AnitaSchillhornVanVeen  WITI  BettyFriedan  DerekThompson  TheAtlantic  DomesticEconomies  labor  WomensWork  2020  2020-01 
11 weeks ago by briansholis
Jedediah Britton-Purdy, "Becoming a Parent in the Age of Climate Crisis," The Atlantic
"What does it mean to teach a child to live in a time of perennial crisis, always in the shadow of loss? I think about trying to teach him love and wonder first, before he inevitably learns fear. I would like him to be fascinated by a Manhattan red oak, a red-tailed hawk perched in its limbs, or a morel mushroom at its roots, before he thinks, This forest is going to die, with everything in it. When the thought of climate doom arrives, I hope it will arrive in a mind already prepared by curiosity and pleasure to know why this world is worth fighting to preserve."

"Some of the wonder of the world is what is already gone from it. Nothing he learns to love will be undamaged. Love for half-broken things and places is what he will have to practice, like all of us."
JedediahBrittonPurdy  TheAtlantic  environment  parenting  2020  2020-01 
12 weeks ago by briansholis
Our Predictions About the Internet Are Probably Wrong
"Consider what it meant to own books personally and read them silently, rather than having to hear words read aloud: No one knew what you were up to in the privacy of your home. Writers and publishers wanted some degree of ownership—­hence the new concepts of copyright and intellectual property. More books and rising literacy created an eyeglass industry, which in turn brought advances in lens-making, which ultimately made possible the telescope and spelled the end of biblical cosmology. The printing press transformed religion, science, politics; it put information, misinformation, and power in the hands of more people than ever before; it created a celebrity culture as poets and polemicists vied for fame; and it loosened the restraints of authority and hierarchy, setting groups against one another."

"When people can publish whatever they want, they do. The printing press made individual books more uniform and more numerous, but it also put the idea of universal truth up for grabs."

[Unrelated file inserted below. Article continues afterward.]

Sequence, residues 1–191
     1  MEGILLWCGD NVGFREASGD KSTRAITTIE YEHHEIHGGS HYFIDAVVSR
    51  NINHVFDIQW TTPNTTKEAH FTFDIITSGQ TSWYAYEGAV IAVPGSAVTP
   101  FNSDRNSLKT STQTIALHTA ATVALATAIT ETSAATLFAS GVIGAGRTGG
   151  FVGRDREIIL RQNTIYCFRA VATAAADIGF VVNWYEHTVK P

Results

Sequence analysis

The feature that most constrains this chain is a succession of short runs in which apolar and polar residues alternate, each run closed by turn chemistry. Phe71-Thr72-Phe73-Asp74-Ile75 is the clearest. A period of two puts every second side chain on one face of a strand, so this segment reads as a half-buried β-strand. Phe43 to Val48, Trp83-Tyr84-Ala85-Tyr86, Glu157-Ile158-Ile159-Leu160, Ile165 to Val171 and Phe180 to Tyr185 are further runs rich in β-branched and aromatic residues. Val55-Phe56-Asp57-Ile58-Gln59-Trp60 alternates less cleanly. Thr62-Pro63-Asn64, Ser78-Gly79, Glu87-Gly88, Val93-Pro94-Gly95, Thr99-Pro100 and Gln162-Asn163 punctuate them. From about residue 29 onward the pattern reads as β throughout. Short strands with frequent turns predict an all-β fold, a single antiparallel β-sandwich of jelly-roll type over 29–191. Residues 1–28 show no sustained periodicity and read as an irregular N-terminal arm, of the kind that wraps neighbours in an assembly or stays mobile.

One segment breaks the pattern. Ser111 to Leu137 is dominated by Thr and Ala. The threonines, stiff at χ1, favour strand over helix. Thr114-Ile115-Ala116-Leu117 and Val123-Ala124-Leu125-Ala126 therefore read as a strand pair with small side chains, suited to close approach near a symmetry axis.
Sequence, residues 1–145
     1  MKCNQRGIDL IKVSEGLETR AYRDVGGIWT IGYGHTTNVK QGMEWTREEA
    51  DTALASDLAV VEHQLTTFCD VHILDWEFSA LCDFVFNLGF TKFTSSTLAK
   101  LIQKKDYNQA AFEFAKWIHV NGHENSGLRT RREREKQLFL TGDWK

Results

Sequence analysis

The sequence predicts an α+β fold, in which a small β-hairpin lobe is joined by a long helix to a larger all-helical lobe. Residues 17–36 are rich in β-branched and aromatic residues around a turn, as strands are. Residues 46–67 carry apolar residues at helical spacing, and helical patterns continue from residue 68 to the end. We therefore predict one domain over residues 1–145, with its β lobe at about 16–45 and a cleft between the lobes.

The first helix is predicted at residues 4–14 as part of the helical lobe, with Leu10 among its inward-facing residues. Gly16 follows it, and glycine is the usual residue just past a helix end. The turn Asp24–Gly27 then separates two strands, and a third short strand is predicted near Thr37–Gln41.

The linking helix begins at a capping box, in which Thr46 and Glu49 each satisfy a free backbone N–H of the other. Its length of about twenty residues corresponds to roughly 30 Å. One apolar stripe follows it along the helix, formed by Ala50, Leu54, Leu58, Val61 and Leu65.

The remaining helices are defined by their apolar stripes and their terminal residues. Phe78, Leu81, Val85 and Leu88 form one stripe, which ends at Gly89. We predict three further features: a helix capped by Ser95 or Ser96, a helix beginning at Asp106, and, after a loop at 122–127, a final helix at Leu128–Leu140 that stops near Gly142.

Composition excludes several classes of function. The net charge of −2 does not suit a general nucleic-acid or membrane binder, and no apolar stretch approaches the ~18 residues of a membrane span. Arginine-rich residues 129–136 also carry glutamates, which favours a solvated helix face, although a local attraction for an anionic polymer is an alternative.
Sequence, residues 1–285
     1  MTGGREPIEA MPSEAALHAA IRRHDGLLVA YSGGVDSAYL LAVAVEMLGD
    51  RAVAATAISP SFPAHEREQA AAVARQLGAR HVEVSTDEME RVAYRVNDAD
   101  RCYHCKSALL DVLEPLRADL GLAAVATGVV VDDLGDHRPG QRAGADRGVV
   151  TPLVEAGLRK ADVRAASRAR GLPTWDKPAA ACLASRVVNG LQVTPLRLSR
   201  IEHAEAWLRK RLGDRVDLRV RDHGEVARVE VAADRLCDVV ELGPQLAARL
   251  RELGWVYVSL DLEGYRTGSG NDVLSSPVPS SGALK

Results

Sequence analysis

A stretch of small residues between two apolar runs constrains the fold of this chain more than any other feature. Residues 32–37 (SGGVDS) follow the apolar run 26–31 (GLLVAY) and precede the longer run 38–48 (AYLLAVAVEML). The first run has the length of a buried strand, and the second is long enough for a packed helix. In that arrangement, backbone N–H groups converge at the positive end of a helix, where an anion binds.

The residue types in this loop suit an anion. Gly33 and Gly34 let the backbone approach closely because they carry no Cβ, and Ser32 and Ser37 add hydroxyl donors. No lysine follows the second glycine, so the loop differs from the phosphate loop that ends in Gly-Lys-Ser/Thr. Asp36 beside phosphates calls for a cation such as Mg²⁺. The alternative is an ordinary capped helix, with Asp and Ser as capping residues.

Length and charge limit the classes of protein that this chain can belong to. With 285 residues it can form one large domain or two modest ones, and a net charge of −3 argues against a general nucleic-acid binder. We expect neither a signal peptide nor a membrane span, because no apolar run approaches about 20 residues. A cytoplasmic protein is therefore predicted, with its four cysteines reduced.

"More books were printed in the five decades after Gutenberg’s invention than had been produced by scribes during the previous 1,000 years."

"we no longer register the impact of the printing press because we have no easy way to retrieve the ambient sensation of “before,” just as we can’t retrieve, and can barely imagine, what life was like when only scattered licks of flame could pierce the darkness of night."
printing  HistoryOfTechnology  technology  internet  TheAtlantic  Gutenberg  RareBooks  2020  2020-01  from instapaper
december 2019 by briansholis
Peter Brannen, "The Arrogance of the Anthropocene," The Atlantic
"So what to make of this new “epoch” of geological time? Do we deserve it? Sure, humans move around an unbelievable amount of rock every year, profoundly reshaping the world in our own image. And, yes, we’re currently warping the chemistry of the atmosphere and oceans violently, and in ways that have analogues in only a few terrifying chapters buried deep in Earth’s history. Each year we spew more than 100 times as much CO2 into the air as volcanoes do, and we’re currently overseeing the biggest disruption to the planet’s nitrogen cycle in 2.5 billion years. But despite this incredible effort, all is vanity. Very little of our handiwork will survive the obliteration of the ages. If 100 million years can easily wear the Himalayas flat, what chance will San Francisco or New York have?"
PeterBrannen  TheAtlantic  geology  anthropocene  ClimateChange  environment  2019Faves  2019  2019-08 
september 2019 by briansholis
Peter Brannen, "The Amazon Is on Fire, but Earth Has Plenty of Oxygen"
"In the long run, and from the perspective of oxygen, it’s a wash. As much is consumed as is created—and not only by life. Free oxygen likes to react with almost everything on the planet, whether that’s rocks at Earth’s surface, or sulfur in volcanic gases, or iron in ocean crust. Left to its own devices, oxygen will disappear all by itself."

"You don’t get to 20.9 percent, or an atmosphere that can host animal life, without geologic time, and without the fossil record. The tiny remainder of photosynthetic stuff that isn’t consumed and respired again by life—that 0.01 percent of plants and phytoplankton that manages to escape from this cycle of creation and destruction—is responsible for the existence of complex life on Earth."